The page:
Facebook down-ranks, but won't remove, fake 'drunk' Nancy Pelosi video

What is truth?

Image: chesnot / Getty Images

If you were horrified by how easy it was for someone to create a fake viral video that made Nancy Pelosi look as if she was slurring her words on stage, you weren’t alone. Facebook is now taking action to stop the misleading video, which has over 2.5 million views, from spreading further — though it won’t go as far as deleting it entirely.

On Wednesday, a video that apparently showed the Democratic congresswoman seemingly “drunk” went viral, first on Facebook, and then on other social media platforms. But Pelosi wasn’t actually impaired while speaking at a Center for American Progress event. Instead, the creator (whose identity is not known) simply slowed down the footage of the speaker of the house to 75 percent, and altered the pitch.

That was it. No A.I., no complicated algorithm, no scary “deepfakes.” Simple video editing was all someone needed to get millions of views and inflame the anti-Pelosi base in the process. 

Now, Facebook is dealing with the video within the framework it has set up for assessing and mitigating fake content. Facebook confirmed to Mashable that it is reducing the video’s presence in News Feed, since a Facebook fact-checking partner has flagged it as “false.” The video will still exist on the platform, but the News Feed algorithm won’t pick it up and place it in people’s feeds. 

Facebook explained that it’s not removing the video because it didn’t violate its community standards. By Facebook’s rules, the information you post doesn’t have to be true. But, Facebook says it is continually working to improve the integrity of the platform by mitigating the viral spread of misleading content and adding context to flagged content.

Although, the context in this case is hard to find.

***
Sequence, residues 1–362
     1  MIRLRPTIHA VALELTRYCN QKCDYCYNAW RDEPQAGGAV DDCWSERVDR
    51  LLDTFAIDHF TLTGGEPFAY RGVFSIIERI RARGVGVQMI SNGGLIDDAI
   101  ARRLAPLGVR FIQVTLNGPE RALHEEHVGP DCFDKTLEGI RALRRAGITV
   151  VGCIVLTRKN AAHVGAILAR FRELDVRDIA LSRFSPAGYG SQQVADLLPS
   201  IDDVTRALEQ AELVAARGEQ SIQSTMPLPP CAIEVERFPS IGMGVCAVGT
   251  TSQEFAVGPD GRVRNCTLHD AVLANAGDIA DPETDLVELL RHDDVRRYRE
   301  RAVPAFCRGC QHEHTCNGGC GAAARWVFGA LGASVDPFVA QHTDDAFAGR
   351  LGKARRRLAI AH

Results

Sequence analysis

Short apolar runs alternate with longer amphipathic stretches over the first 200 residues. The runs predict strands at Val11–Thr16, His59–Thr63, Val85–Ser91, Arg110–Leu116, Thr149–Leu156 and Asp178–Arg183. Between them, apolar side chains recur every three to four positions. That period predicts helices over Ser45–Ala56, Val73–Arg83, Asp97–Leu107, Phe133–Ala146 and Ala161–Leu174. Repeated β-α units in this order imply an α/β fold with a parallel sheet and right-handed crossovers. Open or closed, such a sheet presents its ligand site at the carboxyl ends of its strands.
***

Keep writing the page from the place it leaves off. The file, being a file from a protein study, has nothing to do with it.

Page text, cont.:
Facebook said it would show related articles to point out the content is untrue, but none of the content in a “related videos” sidebar does so. Only when a user presses “share” does a box warning about the veracity of the video appear.

The 'Related Videos' don't show additional context; Facebook presents the fake video, here, without comment.

The ‘Related Videos’ don’t show additional context; Facebook presents the fake video, here, without comment.

Image: screenshot: jack morse/mashable

Why not just call it "fake," tho?

Why not just call it “fake,” tho?

Image: screenshot: rachel kraus/mashable

Facebook’s stance here is that even if a person has a right to post a false piece of content, that doesn’t mean it’s Facebook’s duty to promote that content by giving it wide distribution via News Feed.

Unfortunately, the damage has already been done. As of yesterday evening, the video had already been viewed over 2 million times. Just 12 hours later, that count is up to 2.5 million, and there are multiple clones on Facebook and other platforms. Facebook will treat duplicate videos in the same way — when it finds them. Once again, Facebook is playing a game of catch up with bad actors on its platform, with systems that catch — not prevent — harmful content, after it’s already multiplied and gone viral.

Facebook recently shared that it had deleted over 2 billion fake accounts this year. It is under siege by bad actors and scammers trying to manipulate the platform. And though Facebook’s reasoning about down-ranking, not deleting, makes sense, that might not be a heavy enough hammer to stop content manipulators, and their simple video-editing software, in their tracks. 

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